=P*(1+(r/n))^(n*t). Working this out gives me $574,154 in interest alone over the life of the loan. Correct me if I am wrong on this

*sean*comparison rate means nothing. advertiser should show the actual rate and total amount to pay back that way people know exactly what they are up for!

comparison rate is just another thing to help sell products and sucker people into paying more then they expect

*Calvin*Alternatively. You can ask any potential lender to add all interest, fees and charges into the term of the loan and give you an Armotised monthly payment figure for a fixed term. Whoever has the lowest repayment figure will be the cheapest alternative. Armotised figures dont lie and dont need any other understanding other than the lowest repayment amount is the lowest overall cost of that particular loan.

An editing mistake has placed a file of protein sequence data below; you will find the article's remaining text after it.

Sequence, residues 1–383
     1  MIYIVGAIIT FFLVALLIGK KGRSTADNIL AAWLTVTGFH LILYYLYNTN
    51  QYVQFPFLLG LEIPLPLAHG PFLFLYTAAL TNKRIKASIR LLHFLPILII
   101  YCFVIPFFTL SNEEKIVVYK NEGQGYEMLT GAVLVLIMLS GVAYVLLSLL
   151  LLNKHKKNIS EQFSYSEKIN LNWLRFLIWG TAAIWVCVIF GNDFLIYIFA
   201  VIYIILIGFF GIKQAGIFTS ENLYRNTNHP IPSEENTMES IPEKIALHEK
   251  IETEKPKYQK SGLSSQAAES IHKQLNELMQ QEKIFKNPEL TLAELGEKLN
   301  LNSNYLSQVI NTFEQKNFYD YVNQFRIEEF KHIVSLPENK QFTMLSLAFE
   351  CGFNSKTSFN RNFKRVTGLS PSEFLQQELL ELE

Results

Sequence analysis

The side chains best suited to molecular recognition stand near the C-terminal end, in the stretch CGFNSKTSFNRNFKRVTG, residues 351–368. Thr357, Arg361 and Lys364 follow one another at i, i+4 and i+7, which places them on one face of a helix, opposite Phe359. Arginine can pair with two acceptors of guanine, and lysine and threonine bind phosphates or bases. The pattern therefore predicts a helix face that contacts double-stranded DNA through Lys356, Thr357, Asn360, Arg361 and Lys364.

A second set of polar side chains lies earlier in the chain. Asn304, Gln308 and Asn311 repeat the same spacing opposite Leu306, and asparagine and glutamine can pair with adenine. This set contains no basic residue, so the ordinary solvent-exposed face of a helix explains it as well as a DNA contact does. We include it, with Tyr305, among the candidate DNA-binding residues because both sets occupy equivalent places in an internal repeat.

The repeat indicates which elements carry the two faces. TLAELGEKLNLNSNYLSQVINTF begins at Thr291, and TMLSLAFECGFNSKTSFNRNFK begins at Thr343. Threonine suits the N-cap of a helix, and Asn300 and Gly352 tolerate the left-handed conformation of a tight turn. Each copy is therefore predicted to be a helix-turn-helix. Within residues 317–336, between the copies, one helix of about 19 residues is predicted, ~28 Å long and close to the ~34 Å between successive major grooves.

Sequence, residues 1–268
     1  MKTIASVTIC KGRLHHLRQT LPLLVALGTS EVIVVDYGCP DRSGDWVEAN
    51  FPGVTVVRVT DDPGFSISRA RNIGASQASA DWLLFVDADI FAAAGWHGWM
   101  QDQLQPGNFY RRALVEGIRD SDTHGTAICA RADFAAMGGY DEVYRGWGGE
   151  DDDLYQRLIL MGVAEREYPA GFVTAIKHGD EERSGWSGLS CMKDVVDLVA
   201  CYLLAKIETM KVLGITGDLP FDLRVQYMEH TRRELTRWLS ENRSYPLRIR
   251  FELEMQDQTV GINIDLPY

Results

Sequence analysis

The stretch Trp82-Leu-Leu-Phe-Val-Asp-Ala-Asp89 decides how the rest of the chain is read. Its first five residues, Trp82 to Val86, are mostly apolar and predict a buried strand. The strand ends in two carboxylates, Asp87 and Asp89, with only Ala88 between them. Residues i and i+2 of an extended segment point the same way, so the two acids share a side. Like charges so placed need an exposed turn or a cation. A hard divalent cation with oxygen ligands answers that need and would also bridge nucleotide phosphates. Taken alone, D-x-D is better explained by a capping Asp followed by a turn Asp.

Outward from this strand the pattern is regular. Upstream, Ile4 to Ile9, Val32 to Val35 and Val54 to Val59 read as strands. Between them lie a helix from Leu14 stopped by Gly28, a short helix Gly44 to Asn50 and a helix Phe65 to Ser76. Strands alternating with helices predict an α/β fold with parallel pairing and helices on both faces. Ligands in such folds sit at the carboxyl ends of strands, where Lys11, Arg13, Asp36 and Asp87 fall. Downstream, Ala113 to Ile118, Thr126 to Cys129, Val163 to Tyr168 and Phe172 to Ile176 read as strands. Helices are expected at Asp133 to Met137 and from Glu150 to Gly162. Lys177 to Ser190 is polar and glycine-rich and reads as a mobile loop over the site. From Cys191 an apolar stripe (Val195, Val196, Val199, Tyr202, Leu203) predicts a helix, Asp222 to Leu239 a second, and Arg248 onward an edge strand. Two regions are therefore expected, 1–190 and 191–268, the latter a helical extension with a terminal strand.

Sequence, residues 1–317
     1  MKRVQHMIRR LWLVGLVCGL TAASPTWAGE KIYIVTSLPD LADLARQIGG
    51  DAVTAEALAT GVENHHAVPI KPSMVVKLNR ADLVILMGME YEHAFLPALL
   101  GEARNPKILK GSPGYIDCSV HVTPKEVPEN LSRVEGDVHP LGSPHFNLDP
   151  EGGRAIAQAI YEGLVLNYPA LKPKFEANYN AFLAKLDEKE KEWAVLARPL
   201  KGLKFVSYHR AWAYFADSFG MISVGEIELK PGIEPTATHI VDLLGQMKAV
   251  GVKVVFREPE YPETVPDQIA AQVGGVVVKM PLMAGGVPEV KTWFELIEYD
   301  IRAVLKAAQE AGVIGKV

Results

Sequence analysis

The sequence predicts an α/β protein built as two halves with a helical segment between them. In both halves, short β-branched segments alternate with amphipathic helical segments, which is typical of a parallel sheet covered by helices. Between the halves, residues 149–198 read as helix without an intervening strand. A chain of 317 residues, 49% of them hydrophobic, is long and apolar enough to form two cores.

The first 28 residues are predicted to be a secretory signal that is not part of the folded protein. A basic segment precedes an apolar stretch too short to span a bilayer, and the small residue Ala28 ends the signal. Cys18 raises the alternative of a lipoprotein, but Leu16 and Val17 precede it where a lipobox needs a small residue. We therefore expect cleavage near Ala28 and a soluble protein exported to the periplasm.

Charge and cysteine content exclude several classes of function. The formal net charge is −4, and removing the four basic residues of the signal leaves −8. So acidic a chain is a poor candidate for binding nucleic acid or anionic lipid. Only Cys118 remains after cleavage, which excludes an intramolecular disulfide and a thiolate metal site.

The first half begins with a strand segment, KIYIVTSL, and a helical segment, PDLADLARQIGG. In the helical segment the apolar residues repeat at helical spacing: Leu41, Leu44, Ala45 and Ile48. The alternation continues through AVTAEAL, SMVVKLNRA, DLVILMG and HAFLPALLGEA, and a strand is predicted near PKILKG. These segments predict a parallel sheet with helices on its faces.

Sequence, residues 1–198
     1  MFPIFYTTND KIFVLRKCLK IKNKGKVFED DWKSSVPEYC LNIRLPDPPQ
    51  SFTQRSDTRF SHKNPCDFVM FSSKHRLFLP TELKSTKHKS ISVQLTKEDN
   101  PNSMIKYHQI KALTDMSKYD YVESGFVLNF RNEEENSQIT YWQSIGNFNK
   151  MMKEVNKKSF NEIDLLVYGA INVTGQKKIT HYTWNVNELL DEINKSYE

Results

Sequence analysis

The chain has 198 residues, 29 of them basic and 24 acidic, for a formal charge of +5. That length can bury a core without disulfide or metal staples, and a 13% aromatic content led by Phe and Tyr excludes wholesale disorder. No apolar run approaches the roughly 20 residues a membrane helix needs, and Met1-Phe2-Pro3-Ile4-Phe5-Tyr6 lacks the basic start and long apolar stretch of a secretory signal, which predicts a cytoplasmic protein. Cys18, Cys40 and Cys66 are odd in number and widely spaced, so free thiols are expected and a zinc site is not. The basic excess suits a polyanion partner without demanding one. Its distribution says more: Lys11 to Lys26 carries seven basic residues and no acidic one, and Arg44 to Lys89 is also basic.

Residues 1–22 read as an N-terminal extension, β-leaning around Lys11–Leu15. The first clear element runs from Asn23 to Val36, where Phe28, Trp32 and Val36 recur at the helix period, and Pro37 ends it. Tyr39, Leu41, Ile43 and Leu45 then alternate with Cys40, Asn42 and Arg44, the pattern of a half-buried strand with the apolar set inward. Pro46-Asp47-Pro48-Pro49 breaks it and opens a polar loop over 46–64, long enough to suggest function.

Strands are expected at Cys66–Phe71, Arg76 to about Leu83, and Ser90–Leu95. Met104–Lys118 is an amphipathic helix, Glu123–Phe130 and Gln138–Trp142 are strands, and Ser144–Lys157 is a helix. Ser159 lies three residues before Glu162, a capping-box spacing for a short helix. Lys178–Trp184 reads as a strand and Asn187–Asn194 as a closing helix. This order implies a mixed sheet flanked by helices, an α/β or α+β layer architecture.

*John*Nice one Maths Man – you got it totally wrong! Interest on a $150k loan @ 6.97% over 25 years. Based on a principal and interest repayment plan does equate to $167,190 in Interest value.

*Hemant*Is it hard to simple give the maths formula of comparision rate calculations? as I am not able to achive 7.31% comparison rate for the first example I user the formula to compute interest but I gives a lower number than 7.31

*Hemant*I think the formula http://en.wikipedia.org/wiki/Compound_interest#Compound will not work as home loans deduct interest on a reducing amount * rate basis, so the formula we have gives us effective rate and not comparision rate. please provide steps/ formula so it is more clear.

*Mic Moouse*Please show the formula you used with figures plugged in for the above example

•Term: 25 years

•$167,190 in interest over 25 years

•$9,875 in fees over 25 years